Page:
It’s Nobel Prize week, and today was the biggie: the Nobel Peace Prize. Last year, it was awarded jointly to the International Panel on Climate Change and Albert “you can call me Al” Gore. This year, it went to someone who has had substantially less airtime: Martti Ahtisaari.
Nobel Prizes are the talk of the town in Stockholm, home of Alfred Nobel.
It’s Nobel Prize week, and today was the biggie: the Nobel Peace Prize. Last year, it was awarded jointly to the International Panel on Climate Change and Albert “you can call me Al” Gore.
This year, it went to someone who has had substantially less airtime: Martti Ahtisaari. No, I hadn’t heard of him either. Turns out he’s a peace broker, a mediator, and a former President of Finland. He twice worked to find a peaceful solution in Kosovo, first in 1999 and again between 2005 and 2007 (Kosovo declared independence from Serbia this year). His organisation Crisis Management Initiative has worked to restore peace in Aceh, Indonesia, and in Northern Ireland, and has been working to help find a way to conclude the war in Iraq.
Controversially (because where there’s a Nobel Peace Prize there’s controversy), he defended the actions of the US at the start of that war. After the war had started, he said, “Since I know that about a million people have been killed by the government of Iraq, I do not need much those weapons of mass destruction”.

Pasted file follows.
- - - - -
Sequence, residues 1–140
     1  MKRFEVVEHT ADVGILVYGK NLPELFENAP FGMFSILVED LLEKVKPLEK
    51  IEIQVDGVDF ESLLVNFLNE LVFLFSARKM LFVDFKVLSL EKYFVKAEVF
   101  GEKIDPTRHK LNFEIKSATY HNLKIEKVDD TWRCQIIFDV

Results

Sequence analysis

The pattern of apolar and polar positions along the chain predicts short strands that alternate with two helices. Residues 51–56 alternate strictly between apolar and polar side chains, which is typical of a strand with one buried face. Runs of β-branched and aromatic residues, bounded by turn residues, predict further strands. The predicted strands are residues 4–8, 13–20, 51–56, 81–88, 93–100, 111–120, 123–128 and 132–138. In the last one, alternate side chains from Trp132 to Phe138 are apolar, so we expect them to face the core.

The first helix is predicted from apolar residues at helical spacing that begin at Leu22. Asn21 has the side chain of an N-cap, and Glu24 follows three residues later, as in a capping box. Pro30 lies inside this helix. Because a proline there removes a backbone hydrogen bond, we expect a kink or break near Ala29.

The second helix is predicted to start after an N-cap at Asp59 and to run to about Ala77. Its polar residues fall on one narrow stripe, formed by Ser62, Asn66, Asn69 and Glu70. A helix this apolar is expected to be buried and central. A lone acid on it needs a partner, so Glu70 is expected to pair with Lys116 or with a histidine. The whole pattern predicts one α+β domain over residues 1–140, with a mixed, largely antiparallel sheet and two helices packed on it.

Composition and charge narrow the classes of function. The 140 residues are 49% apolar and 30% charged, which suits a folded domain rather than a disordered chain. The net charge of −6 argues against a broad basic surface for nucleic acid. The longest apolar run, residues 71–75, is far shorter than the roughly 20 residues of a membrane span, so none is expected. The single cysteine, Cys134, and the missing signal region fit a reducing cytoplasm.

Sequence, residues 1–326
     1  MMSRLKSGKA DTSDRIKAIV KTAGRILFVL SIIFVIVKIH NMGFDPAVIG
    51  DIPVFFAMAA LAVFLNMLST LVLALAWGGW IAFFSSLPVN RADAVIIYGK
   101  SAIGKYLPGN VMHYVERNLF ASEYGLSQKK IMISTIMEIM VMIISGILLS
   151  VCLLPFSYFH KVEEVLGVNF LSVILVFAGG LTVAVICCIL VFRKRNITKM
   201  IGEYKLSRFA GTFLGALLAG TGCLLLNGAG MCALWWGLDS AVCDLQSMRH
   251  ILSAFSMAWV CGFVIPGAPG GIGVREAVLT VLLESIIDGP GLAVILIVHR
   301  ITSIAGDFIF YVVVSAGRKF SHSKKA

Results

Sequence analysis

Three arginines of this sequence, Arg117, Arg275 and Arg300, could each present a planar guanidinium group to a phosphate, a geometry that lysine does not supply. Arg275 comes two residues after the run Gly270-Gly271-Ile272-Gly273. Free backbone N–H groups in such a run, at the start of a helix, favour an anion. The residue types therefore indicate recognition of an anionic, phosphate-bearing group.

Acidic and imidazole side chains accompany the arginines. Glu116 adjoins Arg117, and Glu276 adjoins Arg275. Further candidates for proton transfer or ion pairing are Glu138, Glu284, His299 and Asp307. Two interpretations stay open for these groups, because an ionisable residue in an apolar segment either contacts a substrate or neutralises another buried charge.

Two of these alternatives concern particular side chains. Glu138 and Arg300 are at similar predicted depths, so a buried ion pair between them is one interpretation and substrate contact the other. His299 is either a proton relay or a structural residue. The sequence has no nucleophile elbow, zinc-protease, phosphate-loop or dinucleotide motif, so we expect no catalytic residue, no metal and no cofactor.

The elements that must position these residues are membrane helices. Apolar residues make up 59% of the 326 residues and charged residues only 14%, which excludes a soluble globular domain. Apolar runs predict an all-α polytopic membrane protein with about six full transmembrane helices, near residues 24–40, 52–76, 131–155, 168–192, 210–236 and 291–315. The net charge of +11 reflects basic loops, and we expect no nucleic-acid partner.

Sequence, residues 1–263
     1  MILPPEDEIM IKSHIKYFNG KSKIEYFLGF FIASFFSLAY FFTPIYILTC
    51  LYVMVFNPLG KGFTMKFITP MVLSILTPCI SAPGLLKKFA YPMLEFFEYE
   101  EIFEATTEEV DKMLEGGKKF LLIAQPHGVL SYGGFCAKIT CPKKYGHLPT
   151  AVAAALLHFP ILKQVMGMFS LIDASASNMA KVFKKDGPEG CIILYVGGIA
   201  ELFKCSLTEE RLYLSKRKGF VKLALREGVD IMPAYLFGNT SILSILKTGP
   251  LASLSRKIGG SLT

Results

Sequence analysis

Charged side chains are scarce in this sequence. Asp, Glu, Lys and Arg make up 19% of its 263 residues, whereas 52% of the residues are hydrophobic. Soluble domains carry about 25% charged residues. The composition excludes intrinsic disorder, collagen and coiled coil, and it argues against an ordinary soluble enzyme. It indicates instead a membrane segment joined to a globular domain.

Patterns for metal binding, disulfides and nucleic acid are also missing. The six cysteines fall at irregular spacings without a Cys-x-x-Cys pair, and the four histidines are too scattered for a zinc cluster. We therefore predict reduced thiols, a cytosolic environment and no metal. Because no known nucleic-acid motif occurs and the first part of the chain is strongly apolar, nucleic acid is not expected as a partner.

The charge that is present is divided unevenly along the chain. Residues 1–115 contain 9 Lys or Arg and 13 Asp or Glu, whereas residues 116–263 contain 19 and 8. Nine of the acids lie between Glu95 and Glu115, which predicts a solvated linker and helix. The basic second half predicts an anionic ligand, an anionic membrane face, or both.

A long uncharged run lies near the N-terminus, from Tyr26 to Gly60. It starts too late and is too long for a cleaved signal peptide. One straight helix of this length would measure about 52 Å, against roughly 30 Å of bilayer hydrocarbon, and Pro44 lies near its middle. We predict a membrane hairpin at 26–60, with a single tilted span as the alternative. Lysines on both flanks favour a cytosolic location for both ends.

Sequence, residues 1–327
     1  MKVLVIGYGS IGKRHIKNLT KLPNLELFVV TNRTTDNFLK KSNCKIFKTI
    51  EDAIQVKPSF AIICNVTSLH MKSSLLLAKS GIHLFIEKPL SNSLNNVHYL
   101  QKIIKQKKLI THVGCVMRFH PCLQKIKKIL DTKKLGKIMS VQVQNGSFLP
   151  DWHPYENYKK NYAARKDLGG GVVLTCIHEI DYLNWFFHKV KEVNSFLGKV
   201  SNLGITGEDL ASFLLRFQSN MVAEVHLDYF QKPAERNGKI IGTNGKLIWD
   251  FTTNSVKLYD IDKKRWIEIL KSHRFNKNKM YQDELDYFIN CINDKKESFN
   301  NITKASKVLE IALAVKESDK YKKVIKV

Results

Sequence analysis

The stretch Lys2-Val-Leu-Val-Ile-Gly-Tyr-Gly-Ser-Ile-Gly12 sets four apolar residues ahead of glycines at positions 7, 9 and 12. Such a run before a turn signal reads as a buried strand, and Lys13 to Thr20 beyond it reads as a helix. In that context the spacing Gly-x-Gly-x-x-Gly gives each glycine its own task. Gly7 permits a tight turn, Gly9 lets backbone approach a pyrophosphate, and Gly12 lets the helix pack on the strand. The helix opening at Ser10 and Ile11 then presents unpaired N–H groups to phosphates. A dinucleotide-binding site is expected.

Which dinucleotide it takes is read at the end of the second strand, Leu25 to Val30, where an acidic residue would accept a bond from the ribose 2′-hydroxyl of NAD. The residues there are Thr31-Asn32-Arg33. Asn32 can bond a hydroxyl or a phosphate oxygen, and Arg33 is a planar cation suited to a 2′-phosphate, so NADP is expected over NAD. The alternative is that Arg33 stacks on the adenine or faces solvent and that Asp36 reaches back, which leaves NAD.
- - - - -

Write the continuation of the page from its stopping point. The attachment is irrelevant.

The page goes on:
And the other Nobel Prizes go to:
Literature: Jean-Marie Gustave Le Clézio (France) for “sensual ecstasy”, among other things.
Chemistry: Osamu Shimomura, Martin Chalfie and Roger Y Tsien (USA) for the discovery of a fluorescent green jellyfish protein, GFP, that can help track spreading cancer cells.
Medicine: Harald zur Hausen (Germany) for discovering that some human papilloma viruses cause cervical cancer; Françoise Barré-Sinoussi and Luc Montagnier (France) for discovering HIV.
Physics: Yoichiro Nambu (USA) and Makoto Kobayashi and Toshihide Maskawa (Japan) for discovering lots of things about “broken symmetries” in subatomic physics, which are the reason the universe exists—and the Large Hadron Collider (thanks for the nightmares, guys).
Economics: TBA (not strictly a Nobel Prize, but awarded in his memory).
Alfred Nobel was born here in Stockholm, and the Nobel Museum here is small but worth visiting. I was surprised to learn Nobel made his fortune in explosives and armaments: he invented dynamite and Gelignite, which made the building of roads, tunnels and bridges possible in Europe and all over the world.
He decided to leave his unusual legacy after a newspaper accidentally printed his obituary before he died. The premature piece was headed up ‘Le marchand de la mort est mort’ (The merchant of death is dead) and continued: “Dr Alfred Nobel, who became rich by finding ways to kill more people faster than ever before, died yesterday.” Which would be enough to make anyone think fast for a better legacy.
So, he left 31 million Swedish kroner in his will, worth billions in today’s money, the interest on which was to fund the five awards. Today, a Nobel Prize gets you 10 million kroner (about $2.4 million) and a gold medal.
Since I can’t speak Swedish I can’t really tell how much media attention is being given to the awards over here, but it seems like the talk of the town. The whole country gets a holiday on December 10, however, the day of the award ceremony. Lots of families have a special ‘Nobel dinner’ and watch the ceremony on television—a bit like the Oscars, but with science. (I’m pretty sure the Oscar-winners wear better outfits.)